|Tropical storm (SSHWS/NWS)|
|Formed||July 16, 1979|
|Dissipated||July 29, 1979|
|Highest winds||1-minute sustained:
|Lowest pressure||997 mbar (hPa); 29.44 inHg|
|Damage||$400 million (1979 USD)|
|Areas affected||Leeward Islands, Puerto Rico, Dominican Republic, Haiti, Cuba,
Texas, Louisiana, Missouri, Ohio Valley, Kentucky, Virginia
|Part of the 1979 Atlantic hurricane season|
Tropical Storm Claudette caused significant flooding in eastern Texas and western Louisiana in July 1979. The third named storm of the 1979 Atlantic hurricane season, Claudette developed from a tropical wave located east of the Windward Islands on July 16. It gradually strengthened and was upgraded to a tropical storm on July 17 and crossed the northern Leeward Islands later that day. As it neared landfall in Puerto Rico early on July 18, upper-level winds weakened it back to a tropical depression. Claudette remained disorganized and the National Hurricane Center operationally reported that it degenerated back into a tropical wave after crossing Puerto Rico. Late on July 18, the depression struck Dominican Republic, emerged into the Caribbean Sea on the following day. Claudette struck western Cuba on July 21, shortly before reaching the Gulf of Mexico and "regenerating" into a tropical cyclone. By July 23, Claudette regained tropical storm intensity and turned northward toward the Gulf Coast of the United States. The storm made landfall near the Texas-Louisiana border late on July 23 as a moderately strong tropical storm. It weakened slowly and drifted over land, lasting until dissipation in West Virginia on July 29.
In the Lesser Antilles, the storm brought heavy rainfall and gusty winds to several islands. Minor flooding occurred in Guadeloupe and Saint Croix. Rainfall exceeding 10 inches (250 mm) in some areas of Puerto Rico led to widespread agricultural damage, flooded homes and streets, and one fatality; losses were estimated at $750,000 (1979 USD). Despite its passage over Hispaniola and Cuba, impact in both regions is unknown. Claudette brought record-breaking rainfall to eastern Texas. In Alvin, 42 inches (1,100 mm) of rain fell in one day, which was the record 24-hour precipitation amount for any location in the United States. Significant coastal flooding and up to 15 inches (380 mm) of rainfall was reported in Louisiana. Overall, Claudette was responsible for two deaths and $400 million (1979 USD) in damage.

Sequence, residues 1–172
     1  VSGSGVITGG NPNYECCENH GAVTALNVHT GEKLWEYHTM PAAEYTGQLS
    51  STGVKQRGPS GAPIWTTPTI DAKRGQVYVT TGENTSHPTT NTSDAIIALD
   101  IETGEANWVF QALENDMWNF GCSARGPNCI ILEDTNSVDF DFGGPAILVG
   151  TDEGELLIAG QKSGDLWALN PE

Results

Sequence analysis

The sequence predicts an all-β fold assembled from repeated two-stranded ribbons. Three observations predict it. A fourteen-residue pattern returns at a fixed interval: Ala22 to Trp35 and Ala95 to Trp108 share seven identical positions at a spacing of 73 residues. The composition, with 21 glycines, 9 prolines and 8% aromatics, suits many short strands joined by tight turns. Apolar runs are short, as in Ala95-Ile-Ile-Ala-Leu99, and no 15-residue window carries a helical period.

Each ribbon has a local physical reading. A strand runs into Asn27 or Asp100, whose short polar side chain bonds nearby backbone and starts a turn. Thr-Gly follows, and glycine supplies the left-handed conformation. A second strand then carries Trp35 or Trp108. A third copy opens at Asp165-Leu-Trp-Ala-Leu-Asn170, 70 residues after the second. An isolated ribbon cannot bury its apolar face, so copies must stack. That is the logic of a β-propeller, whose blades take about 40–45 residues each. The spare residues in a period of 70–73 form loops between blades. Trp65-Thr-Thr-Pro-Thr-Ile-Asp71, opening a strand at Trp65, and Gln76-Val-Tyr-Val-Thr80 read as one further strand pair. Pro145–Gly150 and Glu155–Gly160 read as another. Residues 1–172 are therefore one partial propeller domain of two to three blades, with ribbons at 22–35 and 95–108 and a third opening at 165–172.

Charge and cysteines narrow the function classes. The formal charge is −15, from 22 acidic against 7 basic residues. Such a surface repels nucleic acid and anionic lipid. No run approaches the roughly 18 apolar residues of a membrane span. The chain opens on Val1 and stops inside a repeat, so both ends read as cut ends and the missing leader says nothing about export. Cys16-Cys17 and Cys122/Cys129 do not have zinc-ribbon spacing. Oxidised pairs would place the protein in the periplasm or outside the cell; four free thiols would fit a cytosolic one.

A tropical wave, the strongest of the season at mid-tropospheric levels, emerged into the Atlantic in the second week of July. In Dakar, Senegal, winds were as high as 100 mph (155 km/h) in the 550 mbar (16 inHg) level of the atmosphere. The wave tracked westward and slowly organized. It is estimated that a tropical depression developed after a surface circulation became evident at 1200 UTC on July 16. Four hours later, the National Hurricane Center initiated advisories on Tropical Depression Five, which was centered about 400 miles (640 km) east of Guadeloupe. The depression moved west-northwestward and approached the northern Lesser Antilles. On July 17, an Air Force reconnaissance aircraft flight reported sustained winds of 52 mph (84 km/h). As a result, the depression was upgraded to Tropical Storm Claudette later that day.
As the storm moved westward, it encountered wind shear, weakening it back to depression status when it hit Puerto Rico. Claudette moved across islands of Hispaniola and Cuba as a tropical wave before reforming in the Gulf of Mexico on July 21. Fluctuating between tropical depression and tropical storm status, the disorganized storm drifted slowly westward before making landfall along the Texas-Louisiana border on July 24. The storm stalled over Alvin, Texas, on the evening of the 25th. The storm then weakened and continued northeastward through the Ohio Valley before dissipating on July 29.
Tropical Storm Claudette killed 2 people and left $400 million (1979 USD, $1.1 billion 2005 USD).